The publication of more reviews of this type can be envisaged. We should emphasize, however, that the type of articles to be published in the column: “Topics in Laser Spectroscopy“ should not be confined to occasional reviews. The purpose of publishing the reviews is to introduce the subjects and to encourage the publication of original work on these topics in Spectrochimica Acta, Part 3. We actually wish to develop the column into a feature which keeps the readers informed about progress in this field and makes authors feel “at home” in Spectrochimica Acta, Part B, as the journal that offers them an eager readership and an inspiring response. The recent past has already seen the publication of original work on Laser Enhanced Ionization (LEI) under the “flag”: “Topics in Laser Spectroscopy” [6], while other articles [7,8] fitting the scope of this column were published as regular papers just before the start of the column. We hope that many authors involved in laser spectrosopy will follow these examples and thus discover and experience the benefits of publishing their work in Spectrochimica Acta, Part B.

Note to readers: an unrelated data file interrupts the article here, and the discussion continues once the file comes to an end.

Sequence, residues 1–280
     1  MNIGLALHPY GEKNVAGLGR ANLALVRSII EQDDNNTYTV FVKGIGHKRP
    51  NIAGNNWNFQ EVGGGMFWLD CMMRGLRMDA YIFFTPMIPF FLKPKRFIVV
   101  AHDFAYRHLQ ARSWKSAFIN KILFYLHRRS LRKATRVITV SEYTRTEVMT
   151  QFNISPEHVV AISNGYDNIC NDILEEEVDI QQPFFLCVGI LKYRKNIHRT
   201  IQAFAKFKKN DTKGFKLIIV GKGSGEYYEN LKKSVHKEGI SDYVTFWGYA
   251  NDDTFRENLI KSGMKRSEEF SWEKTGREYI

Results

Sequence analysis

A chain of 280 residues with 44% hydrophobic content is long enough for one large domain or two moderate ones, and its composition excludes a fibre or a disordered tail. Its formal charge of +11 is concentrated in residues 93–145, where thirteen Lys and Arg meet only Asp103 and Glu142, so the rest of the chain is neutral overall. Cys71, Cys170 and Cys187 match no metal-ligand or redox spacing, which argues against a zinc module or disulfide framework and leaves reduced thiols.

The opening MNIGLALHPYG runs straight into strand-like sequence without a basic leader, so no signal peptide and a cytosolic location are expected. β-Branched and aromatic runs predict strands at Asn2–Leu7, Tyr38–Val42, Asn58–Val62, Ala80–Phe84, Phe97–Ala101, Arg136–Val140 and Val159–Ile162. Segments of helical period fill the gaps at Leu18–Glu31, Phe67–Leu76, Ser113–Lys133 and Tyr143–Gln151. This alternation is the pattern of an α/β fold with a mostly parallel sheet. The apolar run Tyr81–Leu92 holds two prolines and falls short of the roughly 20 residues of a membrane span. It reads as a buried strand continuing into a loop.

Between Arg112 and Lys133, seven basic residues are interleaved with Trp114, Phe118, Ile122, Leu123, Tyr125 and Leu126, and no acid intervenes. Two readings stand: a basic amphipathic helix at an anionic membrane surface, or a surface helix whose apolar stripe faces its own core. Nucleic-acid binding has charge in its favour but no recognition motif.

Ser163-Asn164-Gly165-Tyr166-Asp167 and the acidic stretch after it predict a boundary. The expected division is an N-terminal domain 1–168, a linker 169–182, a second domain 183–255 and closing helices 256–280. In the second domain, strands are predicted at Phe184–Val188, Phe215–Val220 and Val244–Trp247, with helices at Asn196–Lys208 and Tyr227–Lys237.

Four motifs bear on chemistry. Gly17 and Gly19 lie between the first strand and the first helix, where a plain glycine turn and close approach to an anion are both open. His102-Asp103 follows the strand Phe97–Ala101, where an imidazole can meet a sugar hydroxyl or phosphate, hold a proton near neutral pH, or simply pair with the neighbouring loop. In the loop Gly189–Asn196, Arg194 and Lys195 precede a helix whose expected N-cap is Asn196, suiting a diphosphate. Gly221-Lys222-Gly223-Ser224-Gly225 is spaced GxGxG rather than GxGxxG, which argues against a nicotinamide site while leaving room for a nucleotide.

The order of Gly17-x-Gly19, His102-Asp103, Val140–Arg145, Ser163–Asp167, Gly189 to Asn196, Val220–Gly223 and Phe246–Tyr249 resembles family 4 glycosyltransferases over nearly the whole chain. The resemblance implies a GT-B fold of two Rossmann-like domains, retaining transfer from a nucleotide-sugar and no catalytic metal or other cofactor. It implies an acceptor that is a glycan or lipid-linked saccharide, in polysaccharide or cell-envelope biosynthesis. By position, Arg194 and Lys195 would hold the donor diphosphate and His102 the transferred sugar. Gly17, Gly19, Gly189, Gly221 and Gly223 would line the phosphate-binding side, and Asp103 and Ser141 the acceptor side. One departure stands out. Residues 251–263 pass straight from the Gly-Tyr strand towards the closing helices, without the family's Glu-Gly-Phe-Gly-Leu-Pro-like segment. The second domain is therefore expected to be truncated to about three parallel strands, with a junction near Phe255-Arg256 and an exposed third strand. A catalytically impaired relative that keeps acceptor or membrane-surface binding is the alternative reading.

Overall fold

P.W.J.M. BOUMANS,Editor-in-Chief K. NIEMAX,Guest-Editor [I] N. Omenetto, ed.. Ana&ttcaZ Laser Spectroscopy. Wiley, New York (1979). [2] G.M. Hieftje, J.C. Travis, and F.E. Lytle. eds.. Lasers m Chemical Analysis. The Humana Press, Clifton. NJ (1981). [3] V.S. Letokhoy. ed.. Laser Analytical Spectroscopy. Adam Hilger, Bristol (1985). [4] E.S. Piepmeier. ed., Ana!vtical Applications of Lasers.Wiley, New York (1986). [S] L.J. Radziemski. R.W. Solarz. and J.A. Paher. Laser Spectroscopy and Its Applications. Marcel Dekker, New York. Base1 (1987). [6] 1. Magnusson. Specrrochim. Aeta 42B. 11I3 (19871. [7] N. Omenetto. G.C. Turk, M. Rutledge. and J.D. Winefordner, S~ectrochim. Acta 42B, 807 (1987). [8] G.C. Turk. 0. Axner. and N. Omenetto, Spectrochm. kta 42B, 873 (1987).